The US Supreme Court abortion verdict is a tragedy. This is how research organizations can help

NATURE editorial
28 June 2022

In response to the demise of Roe v. Wade, universities and research organizations can support those affected, ensure education and research on abortion continue and advocate for evidence-based policy.

The consequences of the US Supreme Court’s 24 June decision to overturn Roe v. Wade, the court’s own landmark 1973 decision that enshrined the constitutional right to abortion for nearly 50 years, are already being felt. By striking down Roe, the court has put abortion rights in the hands of US state legislators. They have already responded.

US court strikes down right to abortion; what’s the scene in India?

Indian law permits abortion up to 20 weeks of pregnancy and up to 24 weeks in special cases. However, unsafe abortions are the third leading cause of maternal mortality in India, and close to eight women die from causes related to unsafe abortions every day, according to a UN agency report

JUNE 28, 2022

On June 24, 2022, the United States Supreme Court overturned its landmark 1973 judgment in the Roe Vs Wade case that had made abortion a constitutional right in the country.

The decision, which led to a furore, is slated to have a major impact on the lives of American women, with possibly a near-total ban on abortion in roughly half of the country’s 50 states.


Overturning of Roe v Wade abortion law a ‘huge blow to women’s human rights’ warns Bachelet

24 June 2022
United Nations

The widely anticipated Supreme Court decision, by six votes to three, was made in the specific case of Dobbs v Jackson Women’s Health, and Michelle Bachelet said in a statement that it represents a “major setback” for sexual and reproductive health across the US.

The historic decision returns all questions of legality and access to abortion, to the individual states.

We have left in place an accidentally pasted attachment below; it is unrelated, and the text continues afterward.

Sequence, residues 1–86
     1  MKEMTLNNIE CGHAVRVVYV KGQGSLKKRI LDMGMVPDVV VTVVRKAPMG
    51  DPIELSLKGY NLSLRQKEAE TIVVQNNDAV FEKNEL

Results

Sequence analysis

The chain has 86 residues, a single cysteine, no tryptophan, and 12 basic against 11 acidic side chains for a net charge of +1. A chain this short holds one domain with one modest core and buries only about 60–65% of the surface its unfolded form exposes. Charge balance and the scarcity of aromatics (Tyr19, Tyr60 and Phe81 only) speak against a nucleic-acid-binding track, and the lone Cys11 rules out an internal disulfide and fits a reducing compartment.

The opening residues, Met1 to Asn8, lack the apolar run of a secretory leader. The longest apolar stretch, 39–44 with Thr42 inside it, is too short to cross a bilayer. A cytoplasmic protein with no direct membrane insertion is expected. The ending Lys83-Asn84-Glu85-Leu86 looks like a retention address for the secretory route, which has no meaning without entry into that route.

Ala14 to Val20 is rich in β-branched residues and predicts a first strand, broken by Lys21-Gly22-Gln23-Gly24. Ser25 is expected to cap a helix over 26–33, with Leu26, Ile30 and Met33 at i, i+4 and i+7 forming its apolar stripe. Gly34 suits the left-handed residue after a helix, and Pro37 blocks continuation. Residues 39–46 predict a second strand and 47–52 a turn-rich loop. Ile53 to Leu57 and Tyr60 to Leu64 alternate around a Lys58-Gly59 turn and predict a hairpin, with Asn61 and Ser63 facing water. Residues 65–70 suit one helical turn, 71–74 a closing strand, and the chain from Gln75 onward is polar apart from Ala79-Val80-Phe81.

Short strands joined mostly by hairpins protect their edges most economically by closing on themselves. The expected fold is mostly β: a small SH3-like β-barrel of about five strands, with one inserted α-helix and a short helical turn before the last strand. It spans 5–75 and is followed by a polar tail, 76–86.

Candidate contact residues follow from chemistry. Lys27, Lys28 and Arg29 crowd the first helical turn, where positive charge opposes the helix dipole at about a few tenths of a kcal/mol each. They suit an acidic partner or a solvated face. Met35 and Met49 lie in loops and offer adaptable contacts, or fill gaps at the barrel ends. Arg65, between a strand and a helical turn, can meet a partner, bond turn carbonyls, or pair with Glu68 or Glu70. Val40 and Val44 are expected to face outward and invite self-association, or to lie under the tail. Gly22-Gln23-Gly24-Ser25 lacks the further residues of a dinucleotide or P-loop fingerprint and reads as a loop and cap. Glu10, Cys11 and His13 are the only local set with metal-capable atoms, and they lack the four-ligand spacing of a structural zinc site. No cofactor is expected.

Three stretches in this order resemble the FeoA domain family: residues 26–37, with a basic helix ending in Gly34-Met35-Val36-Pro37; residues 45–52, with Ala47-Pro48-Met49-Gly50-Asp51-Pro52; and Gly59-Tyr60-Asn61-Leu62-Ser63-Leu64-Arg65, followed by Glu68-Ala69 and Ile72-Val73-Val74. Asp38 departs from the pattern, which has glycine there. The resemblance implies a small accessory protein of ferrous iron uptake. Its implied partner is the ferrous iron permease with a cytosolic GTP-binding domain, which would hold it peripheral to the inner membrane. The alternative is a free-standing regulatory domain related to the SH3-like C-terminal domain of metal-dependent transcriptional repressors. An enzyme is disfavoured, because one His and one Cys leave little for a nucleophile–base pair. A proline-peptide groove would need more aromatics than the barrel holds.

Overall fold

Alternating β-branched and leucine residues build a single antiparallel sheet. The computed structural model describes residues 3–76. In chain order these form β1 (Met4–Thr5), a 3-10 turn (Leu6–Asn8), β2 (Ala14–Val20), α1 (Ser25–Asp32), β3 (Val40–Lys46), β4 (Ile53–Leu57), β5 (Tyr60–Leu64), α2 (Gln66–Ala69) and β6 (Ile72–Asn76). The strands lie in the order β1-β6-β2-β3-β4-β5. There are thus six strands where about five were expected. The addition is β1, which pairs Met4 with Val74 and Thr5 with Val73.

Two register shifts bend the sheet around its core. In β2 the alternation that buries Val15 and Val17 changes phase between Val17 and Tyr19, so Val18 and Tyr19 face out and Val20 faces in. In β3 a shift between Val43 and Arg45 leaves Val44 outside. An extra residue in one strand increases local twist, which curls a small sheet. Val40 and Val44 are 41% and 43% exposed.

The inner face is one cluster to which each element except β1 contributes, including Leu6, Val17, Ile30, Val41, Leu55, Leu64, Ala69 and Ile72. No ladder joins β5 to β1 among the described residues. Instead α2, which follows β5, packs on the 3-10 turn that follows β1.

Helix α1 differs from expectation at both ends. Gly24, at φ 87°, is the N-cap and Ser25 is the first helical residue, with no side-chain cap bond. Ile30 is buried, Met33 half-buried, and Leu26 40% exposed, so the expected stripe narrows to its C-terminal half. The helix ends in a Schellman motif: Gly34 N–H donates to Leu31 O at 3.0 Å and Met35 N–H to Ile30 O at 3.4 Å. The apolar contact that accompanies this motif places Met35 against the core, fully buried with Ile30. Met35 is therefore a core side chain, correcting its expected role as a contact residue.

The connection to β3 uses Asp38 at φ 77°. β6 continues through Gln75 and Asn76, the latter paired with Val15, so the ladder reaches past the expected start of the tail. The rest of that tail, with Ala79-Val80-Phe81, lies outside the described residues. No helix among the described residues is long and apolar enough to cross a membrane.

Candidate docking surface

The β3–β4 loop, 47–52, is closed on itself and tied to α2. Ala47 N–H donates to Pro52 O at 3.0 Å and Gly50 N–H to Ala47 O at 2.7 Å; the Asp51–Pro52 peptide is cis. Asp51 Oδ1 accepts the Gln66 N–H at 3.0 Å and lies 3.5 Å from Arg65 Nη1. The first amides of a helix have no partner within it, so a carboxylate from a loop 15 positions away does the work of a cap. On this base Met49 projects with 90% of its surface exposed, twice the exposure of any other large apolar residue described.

Reacting earlier to the US ruling, without making specific reference to it, the UN sexual and reproductive health agency (UNFPA) and the World Health Organization (WHO) noted that a staggering 45 per cent of all abortions around the world, are unsafe, making the procedure a leading cause of maternal death.


Global reproductive and women’s rights groups react to overturn of Roe v. Wade

June 24, 2022
Malaka Gharib

How will the overturn of Roe v. Wade affect abortion rights and access outside the U.S.?

Groups that are opposed to abortion have welcomed the decision, including the Family Resource Council, which has called it "a major victory for life." But many global reproductive and women's rights groups are condemning the decision and warn that the U.S. overturning of the constitutional right to abortion will have far-reaching effects around the globe. Here's a sampling of reactions:

South Africa – 64,000 women still die every year as a result of backstreet abortions

Since November 1996 women legally have the right to access abortion in South Africa up to the 20th week of pregnancy.

By Dr Dulcy Rakumakoe
20 Jun 2022

In South Africa, a woman of any age can get an abortion by simply requesting with no reasons given if she is less than 13 weeks pregnant.

If she is between 13 and 20 weeks pregnant, she can get the abortion if:

  • Her own physical or mental health is at
  • The baby will have severe mental or
    physical abnormalities
  • She is pregnant because of incest
  • She is pregnant because of rape
  • She is of the personal opinion that her
    economic or social situation is sufficient reason for the termination of
  • If she is more than 20 weeks pregnant,
    she can get the abortion only if she or the foetus’ life is in danger or
    there are likely to be serious birth defects.


Lessons from Poland, the other developed country curtailing abortion rights

By Gordon F. Sander
June 12, 2022